As we continued south I realized that our road had started to diverge from BigDog's track. We were heading southwest on the road, but the track was headed southeast in order to intersect with Mex 5. I wasn't too concerned, saved tracks are fairly coarse and often there will be sections of the track that are off the road where some points have been filtered out, but eventually within a half-mile at the most the track will rejoin the road or trail you're following.
The track and our road continued to diverge and after 3 or 4 miles I stopped to try and figure out whether to keep going along the road, or go back and follow the track. I had no idea how important this decision was to be.
Decisions like this are based in part on information-----and the information I had was far from adequate. For navigating in Baja I was relying on: BigDog's tracks and waypoints from 2007, my 60CSx gps with Open Street Maps topo & routable gps maps, a 2010 edition of the AAA paper map of Baja, and the Nat. Geo paper maps of Baja. As I quickly learned, this was Gear Issue #5--none of my gps maps showed the road we were on nor did they show a road or trail where BigDog's track led; the Nat Geo map showed nothing as well, and although the AAA paper map did have a road shown the scale makes it difficult (not impossible, just difficult) to accurately correlate where you are on the map from the gps coordinates.
Next time I will have the very best paper and gps maps I can find. Period. I'd read that the E32 gps map is very detailed and accurate, and the same with the Baja Almanac paper maps. But figured I could save $100 by going with the "good enough" free OSM gps maps, and the Baja Almanac was out of print and I could only find it selling used on amazon for $85. Good enough isn't, by a long shot. (The Nat Geo maps were a waste of money--not accurate, and poorly edited. The AAA map was surprisingly good, thankfully, and I'd take it to Baja again-----along with the Almanac AND the E32 gps maps.)
So, the information I had was that our road should be trending to the southeast--the AAA map shows a fork right about where we were, the southwest fork heads up into the Sierra Juarez, while the southeast fork heads to Mex 5; and BigDog's track led southeast as well, meeting up with Mex 5.
At this point I assumed we'd passed the fork and taken the wrong side, and that the track on my gps was the road on the AAA map. I decided we should head across the desert and reconnect with the track.
I'd just turned into Michael Scott, and was about to follow my gps into Lake Scranton, with Dwight in tow...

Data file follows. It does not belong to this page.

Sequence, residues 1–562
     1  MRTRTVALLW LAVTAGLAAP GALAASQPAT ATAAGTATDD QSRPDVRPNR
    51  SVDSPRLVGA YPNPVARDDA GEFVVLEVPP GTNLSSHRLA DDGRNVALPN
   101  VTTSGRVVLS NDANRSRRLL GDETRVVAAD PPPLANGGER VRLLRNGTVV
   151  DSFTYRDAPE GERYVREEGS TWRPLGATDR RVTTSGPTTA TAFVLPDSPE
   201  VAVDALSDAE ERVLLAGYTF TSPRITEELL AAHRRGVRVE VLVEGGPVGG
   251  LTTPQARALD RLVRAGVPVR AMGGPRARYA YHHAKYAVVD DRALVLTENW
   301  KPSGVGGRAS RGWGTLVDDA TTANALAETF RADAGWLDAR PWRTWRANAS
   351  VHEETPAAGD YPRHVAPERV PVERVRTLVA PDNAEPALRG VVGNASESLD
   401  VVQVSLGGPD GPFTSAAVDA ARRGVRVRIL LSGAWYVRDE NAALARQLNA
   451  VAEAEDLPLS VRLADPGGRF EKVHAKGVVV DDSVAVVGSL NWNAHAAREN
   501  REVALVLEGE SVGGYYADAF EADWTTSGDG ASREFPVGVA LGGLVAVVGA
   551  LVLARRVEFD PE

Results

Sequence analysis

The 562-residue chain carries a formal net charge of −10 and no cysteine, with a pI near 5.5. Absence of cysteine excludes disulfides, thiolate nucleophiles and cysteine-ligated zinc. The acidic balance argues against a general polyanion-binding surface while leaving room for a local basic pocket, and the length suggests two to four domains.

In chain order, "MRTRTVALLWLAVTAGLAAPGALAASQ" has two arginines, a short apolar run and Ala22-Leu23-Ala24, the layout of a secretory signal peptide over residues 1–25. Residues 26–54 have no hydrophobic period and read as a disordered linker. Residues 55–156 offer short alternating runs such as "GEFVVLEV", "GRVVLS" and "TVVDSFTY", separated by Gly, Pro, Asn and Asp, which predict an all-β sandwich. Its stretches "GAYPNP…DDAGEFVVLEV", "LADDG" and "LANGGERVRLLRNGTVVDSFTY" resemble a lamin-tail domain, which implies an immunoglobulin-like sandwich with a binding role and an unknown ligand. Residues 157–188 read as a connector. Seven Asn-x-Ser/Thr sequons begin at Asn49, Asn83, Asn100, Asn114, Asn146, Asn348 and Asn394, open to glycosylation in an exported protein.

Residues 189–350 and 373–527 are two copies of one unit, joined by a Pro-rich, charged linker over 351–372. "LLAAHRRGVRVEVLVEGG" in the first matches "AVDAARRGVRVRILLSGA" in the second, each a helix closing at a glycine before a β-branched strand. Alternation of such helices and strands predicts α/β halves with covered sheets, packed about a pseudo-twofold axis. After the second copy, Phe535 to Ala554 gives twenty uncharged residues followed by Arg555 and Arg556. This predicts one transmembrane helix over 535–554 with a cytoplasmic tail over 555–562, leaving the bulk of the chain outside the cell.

We headed across the sandy desert, feeling like JN Roberts in On Any Sunday dodging the pucker bushes. About a mile or so later we found the "road" that the gps track marked. Eureka! That was easy, and away we continued. This Baja stuff is COOL. As we continued along we could see we were on a track that had been used for a race--there were occasional race markers, cast off parts, water bottles and oil containers were marking the course as well.
We were out on the bed of Laguna Salada and occasionally we would come across mud sections. The first deep section was a surprise--you'd suddenly find the back end sliding and trying swap with the front, but it the trail would dry up pretty quickly and continue through a dry section. Bryn went down in one muddy section, I stopped and helped him up, and a little while later it was my turn to drop the bike.
We were laughing, having fun, not worried at all. Heck, we've both ridden and raced in mud, it's just part of riding offroad. Eventually we stopped for a break and could see the mud was building up heavily on the fenders and swingarm. We spent a few minutes cleaning it off with some sticks found nearby. We could see Mex 5 off in the distance with Mexican truckers and Canadian RV's crossing north and south. We ate an Odwalla bar, it was only about 11 am but we'd worked up an appetite.
Back to it, a muddy section, then some drier sand, then some mud. We finally hit a stretch where the mud didn't stop. It didn't take long-----no more than 2-300 yards, and suddenly I'm in first gear, clutch siipping, and barely moving. I look back and Bryn's completely stopped. I get off my bike and look down to see that the forks, chain, chain guide, swingarm, linkage and shock is PACKED with mud, so much that it's actually extruding out the sides of the subframe about 6 inches to each side, looking like a play-doh extrusion.